The strange thing was that as soon as I called to say I wanted to cancel my card, the first thing the women said was…”Is this about the Sony Hacker scandal?” Thinking she had read my mind things got even weirder when she said that we shared the same birthday. Needless to say that we’re now going out for drinks at the weekend. ;) However, it seems that a lot of people ARE concerned about the incident.

    I guess we should be grateful that there are sollutions to any problems that we have.

  2. avatar Phony says:

    Here’s the problem. This is great advice, but these are actions compromised customers should have started a week ago when the intrusion was suspected. Sony didn’t give us the liberty of knowing this though until a week later, which is like a year in the world of cyber crime. Sony should have informed customers IMMEDIATELY that there might be fraud potential, and to take the necessary steps to prevent it. But they didn’t. They waited. A fucking week. That’s just ludicrous.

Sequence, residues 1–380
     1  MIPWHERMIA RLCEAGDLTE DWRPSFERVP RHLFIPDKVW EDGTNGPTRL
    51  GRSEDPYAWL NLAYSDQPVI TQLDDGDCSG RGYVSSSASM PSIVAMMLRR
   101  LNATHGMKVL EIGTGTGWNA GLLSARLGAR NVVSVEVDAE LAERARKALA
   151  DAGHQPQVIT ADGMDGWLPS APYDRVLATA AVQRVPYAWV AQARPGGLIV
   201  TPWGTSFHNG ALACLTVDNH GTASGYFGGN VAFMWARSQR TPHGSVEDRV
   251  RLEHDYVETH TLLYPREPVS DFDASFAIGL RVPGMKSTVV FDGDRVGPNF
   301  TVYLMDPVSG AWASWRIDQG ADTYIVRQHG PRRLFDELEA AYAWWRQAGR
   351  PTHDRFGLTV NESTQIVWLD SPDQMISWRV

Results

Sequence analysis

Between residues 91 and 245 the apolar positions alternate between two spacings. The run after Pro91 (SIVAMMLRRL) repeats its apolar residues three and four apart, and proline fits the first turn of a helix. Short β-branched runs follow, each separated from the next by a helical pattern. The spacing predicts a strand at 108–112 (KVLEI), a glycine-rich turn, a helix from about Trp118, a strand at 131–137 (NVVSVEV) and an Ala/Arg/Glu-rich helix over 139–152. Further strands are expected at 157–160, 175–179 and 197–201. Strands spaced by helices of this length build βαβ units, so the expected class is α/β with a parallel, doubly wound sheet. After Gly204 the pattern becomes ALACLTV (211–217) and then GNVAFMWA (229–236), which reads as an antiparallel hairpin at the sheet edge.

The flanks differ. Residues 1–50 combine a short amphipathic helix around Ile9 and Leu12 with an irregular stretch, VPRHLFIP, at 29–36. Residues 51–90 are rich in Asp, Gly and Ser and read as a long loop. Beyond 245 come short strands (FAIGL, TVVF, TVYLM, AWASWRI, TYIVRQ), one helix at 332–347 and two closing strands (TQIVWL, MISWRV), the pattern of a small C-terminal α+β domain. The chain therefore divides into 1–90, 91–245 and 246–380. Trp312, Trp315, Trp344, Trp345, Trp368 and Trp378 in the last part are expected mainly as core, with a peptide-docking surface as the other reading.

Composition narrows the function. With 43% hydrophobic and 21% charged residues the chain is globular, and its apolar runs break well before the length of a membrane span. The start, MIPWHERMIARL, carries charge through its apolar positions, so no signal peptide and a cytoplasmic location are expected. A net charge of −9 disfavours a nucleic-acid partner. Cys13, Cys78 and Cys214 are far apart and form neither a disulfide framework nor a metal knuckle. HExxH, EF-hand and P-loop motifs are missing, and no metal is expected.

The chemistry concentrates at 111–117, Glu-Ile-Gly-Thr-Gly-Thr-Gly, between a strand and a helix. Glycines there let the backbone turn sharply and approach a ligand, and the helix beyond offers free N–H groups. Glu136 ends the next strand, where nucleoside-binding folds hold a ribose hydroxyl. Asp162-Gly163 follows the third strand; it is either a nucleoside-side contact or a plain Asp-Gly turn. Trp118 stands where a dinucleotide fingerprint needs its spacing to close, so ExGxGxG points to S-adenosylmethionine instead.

3. avatar Beefkr10z says:

    Fuuuuuuucking hell, Sony. Heads will roll for this.

  4. avatar xino says:

    guess Anons can finally abandon their campaign!
    because for hell people will not follow them, for what ever company they want to target.

  5. avatar Phizzy says:

    ‘Thankfully I didn’t purchase from the store’
    You’re telling me you’ve never bought anything from PSN?

  6. I can’t remember the password I used, which is annoying but on the plus I’m pretty sure the card I had assigned to the PSN is one which has subsequently expired, small mercies.

  7. @Phizzy….. Its never been my primary system, it gets used for the Sony exclusive titles. Never been interested in additional DLC or any of the downloadable games

  8. @Phizzy – actually, I think I did buy Wipeout when I first picked the system up – but that was on a very old card

  9. avatar Corina Jane says:

    I think the biggest issue identity theft using name date of birth address !!!
    You can cancel a card that’s easy. But you can’t cancel your personal details.